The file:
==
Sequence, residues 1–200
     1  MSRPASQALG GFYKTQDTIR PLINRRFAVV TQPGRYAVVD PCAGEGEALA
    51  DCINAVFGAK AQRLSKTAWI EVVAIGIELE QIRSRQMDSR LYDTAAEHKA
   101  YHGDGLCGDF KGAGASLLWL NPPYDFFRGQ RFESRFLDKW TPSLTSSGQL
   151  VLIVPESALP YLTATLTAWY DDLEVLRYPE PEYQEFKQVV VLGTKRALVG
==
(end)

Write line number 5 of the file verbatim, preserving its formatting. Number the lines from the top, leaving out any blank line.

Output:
   151  VLIVPESALP YLTATLTAWY DDLEVLRYPE PEYQEFKQVV VLGTKRALVG